By Claudia Eller, Los Angeles Times Staff Writer, June 23, 2006
A new chapter has just been written in Hollywood about the never-ending tension between "the talent" and "the suits."
It can be found in a soon-to-be-published tell-all book that offers something very rare, indeed: a candid recounting, complete with tears and recriminations, of a messy divorce between a movie studio and one of the world's most famous writer-directors.
In "The Man Who Heard Voices: Or, How M. Night Shyamalan Risked His Career on a Fairy Tale," the 35-year-old filmmaker whose name has become synonymous with spooky suspense thrillers crucifies the top executives at the company he long had considered his artistic home since his 1999 surprise hit "The Sixth Sense": Walt Disney Studios.
Penned by Sports Illustrated writer Michael Bamberger with Shyamalan's blessing and extensive participation, the 278-page book hits stores July 20. That's one day before the theatrical premiere of Shyamalan's new movie, "Lady in the Water," which is at the center of the dispute that led him to part ways with Disney.
The $70-million movie, a scary fantasy that stars Paul Giamatti as an apartment building superintendent who rescues a sea nymph he finds in his swimming pool, was ultimately financed by Warner Bros.
But arguably as shocking as the movie itself is the way Shyamalan, in the book, disses his former studio. As galleys circulate around town, that more than anything else has people musing about just how fragile relationships between artists and executives can be.
Disney production President Nina Jacobson gets the worst drubbing.
Jacobson and Shyamalan enjoyed a close, albeit sometimes combative, relationship. Over six years, she shepherded his four Disney films including "Unbreakable," "Signs" and "The Village." On what would have been their fifth collaboration, their bond so eroded that the two didn't speak for more than a year.
At a disastrous dinner in Philadelphia last year, Jacobson delivered a frank critique of the "Lady in the Water" script. When she told him that she and her boss, studio Chairman Dick Cook, didn't "get" the idea, Shyamalan was heartbroken. Things got only worse when she lambasted his inclusion of a mauling of a film critic in the story line and told Shyamalan his decision to cast himself as a visionary writer out to change the world bordered on self-serving.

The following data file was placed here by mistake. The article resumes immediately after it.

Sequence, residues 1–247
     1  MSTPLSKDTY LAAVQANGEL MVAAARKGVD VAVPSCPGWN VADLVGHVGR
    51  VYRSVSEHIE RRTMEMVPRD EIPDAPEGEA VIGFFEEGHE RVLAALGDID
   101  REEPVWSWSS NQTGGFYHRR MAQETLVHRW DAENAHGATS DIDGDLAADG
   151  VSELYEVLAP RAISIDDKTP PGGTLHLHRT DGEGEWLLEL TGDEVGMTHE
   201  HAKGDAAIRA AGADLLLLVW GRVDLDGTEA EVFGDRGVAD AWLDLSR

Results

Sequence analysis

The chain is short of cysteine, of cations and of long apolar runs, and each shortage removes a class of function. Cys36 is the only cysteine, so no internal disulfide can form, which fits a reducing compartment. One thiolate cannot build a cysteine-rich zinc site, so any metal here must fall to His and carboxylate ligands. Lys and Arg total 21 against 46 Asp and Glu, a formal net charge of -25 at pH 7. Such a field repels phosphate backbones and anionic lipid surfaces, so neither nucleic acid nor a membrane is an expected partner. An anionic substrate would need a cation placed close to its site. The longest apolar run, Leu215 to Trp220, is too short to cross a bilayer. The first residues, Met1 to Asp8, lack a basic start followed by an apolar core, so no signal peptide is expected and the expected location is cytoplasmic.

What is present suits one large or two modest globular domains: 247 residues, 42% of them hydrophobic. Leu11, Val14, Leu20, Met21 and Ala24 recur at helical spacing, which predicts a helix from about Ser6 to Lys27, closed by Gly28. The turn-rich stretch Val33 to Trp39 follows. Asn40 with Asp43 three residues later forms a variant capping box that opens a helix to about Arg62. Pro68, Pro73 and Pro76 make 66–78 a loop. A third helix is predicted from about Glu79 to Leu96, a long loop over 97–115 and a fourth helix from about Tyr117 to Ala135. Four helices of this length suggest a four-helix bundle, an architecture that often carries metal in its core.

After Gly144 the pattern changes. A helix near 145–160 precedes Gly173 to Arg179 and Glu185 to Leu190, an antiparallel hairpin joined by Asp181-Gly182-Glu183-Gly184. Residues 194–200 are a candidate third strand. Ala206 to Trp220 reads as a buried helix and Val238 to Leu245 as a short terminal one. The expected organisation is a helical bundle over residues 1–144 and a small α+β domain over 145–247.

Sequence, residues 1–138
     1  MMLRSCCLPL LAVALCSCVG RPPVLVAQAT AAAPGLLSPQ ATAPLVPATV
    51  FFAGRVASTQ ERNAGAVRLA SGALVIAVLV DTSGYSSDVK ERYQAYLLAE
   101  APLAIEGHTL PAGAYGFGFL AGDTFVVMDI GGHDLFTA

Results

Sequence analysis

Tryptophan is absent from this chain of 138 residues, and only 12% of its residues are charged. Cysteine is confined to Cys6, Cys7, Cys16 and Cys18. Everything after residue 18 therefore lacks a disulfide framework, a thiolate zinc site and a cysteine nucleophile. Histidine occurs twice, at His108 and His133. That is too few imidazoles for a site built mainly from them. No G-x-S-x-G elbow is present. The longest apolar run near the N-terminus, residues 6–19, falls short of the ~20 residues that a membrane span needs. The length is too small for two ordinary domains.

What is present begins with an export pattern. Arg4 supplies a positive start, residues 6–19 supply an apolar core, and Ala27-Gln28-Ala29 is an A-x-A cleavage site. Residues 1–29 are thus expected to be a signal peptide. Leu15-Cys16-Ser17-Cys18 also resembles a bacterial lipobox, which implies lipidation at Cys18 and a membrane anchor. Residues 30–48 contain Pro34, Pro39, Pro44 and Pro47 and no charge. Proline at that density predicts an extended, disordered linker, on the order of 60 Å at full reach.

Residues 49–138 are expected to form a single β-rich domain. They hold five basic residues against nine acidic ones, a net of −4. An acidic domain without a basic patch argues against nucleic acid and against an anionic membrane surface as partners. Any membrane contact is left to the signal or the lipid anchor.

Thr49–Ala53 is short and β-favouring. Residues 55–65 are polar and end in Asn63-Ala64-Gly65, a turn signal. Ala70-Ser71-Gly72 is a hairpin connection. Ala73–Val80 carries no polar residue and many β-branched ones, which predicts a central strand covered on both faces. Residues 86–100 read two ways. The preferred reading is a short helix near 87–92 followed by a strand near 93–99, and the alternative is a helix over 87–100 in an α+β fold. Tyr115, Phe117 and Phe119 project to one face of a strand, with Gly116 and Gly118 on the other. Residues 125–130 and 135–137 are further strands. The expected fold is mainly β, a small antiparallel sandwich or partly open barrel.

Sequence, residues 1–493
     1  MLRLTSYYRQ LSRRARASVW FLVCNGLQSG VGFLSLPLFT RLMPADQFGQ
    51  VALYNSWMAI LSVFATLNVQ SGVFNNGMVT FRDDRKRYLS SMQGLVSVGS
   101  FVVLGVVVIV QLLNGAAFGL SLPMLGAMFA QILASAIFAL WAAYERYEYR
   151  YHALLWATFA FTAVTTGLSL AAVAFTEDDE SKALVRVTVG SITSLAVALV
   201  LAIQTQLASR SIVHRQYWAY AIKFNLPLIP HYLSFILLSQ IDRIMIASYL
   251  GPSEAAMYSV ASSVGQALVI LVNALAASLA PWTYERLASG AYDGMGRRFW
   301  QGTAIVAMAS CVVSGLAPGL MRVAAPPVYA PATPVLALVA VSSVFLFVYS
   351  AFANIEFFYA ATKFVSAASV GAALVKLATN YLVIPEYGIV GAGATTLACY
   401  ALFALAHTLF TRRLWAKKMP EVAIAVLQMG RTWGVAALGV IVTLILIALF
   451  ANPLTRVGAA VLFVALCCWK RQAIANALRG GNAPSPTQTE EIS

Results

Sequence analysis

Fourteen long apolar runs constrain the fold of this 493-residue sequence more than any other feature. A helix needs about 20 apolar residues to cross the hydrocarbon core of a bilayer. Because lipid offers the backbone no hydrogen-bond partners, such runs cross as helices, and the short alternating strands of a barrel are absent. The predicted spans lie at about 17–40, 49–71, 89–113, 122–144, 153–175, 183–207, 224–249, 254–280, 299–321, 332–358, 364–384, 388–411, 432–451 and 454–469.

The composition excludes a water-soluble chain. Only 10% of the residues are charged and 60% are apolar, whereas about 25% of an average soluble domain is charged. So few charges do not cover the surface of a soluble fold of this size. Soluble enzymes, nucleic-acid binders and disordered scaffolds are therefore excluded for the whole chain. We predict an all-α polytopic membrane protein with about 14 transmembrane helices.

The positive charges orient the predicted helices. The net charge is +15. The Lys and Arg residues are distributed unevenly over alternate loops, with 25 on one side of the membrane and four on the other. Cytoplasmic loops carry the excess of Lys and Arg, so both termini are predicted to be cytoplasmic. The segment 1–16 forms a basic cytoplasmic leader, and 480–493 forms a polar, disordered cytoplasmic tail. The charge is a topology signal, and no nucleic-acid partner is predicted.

But Shyamalan gets his revenge on Jacobson in the book, in which he says he had felt for some time that he "had witnessed the decay of her creative vision right before his own wide-open eyes. She didn't want iconoclastic directors. She wanted directors who made money."
Bamberger readily acknowledges that the book is told from Shyamalan's point of view.
"It's not intended to be balanced," Bamberger said of the book, based on a year he spent shadowing Shyamalan. "It's a Night-centric view of how Night works."
If that's all it was, of course, there wouldn't be so many bruised feelings at Disney, whose executives the book maligns as drones who lack creative vision.
Of Disney's three top executives, Jacobson, Cook and marketing head Oren Aviv, the book says, "They had morphed into one, the embodiment of the company they worked for. And that company … no longer valued individualism … no longer valued fighters."
Nevertheless, the book says Shyamalan was haunted by them.
"Sometimes Night would close his eyes and see little oval black and white head shots of Nina Jacobson and Oren Aviv and Dick Cook floating around in his head, unwanted houseguests that would not leave," Bamberger writes. "The Disney people had gotten deep inside his head, interfering with the good work the voices were supposed to do — and it would be hell to get them out."
In an interview, Bamberger said that in that section — like in several others — he was channeling Shyamalan's deepest convictions, even though the book usually does not quote the writer-director directly.
"Night really let me get inside his head," Bamberger said. "He told me what he was thinking, and I wrote it."
Shyamalan was vacationing in France and did not respond to questions sent via e-mail. His publicist, Leslee Dart, said her client "totally supports the book," and the book's publisher, William Shinker of Gotham Books, said Shyamalan had agreed to help promote the nonfiction account.
Were it not for Bamberger's book, the Disney-Shyamalan split might have been viewed as just another beat amid the constant churn of Hollywood relationships. Everyone knows that highly accomplished artists are often as deeply insecure as they are brilliant. It can be a challenge for executives to pacify the creative folks, while pleasing the bean counters.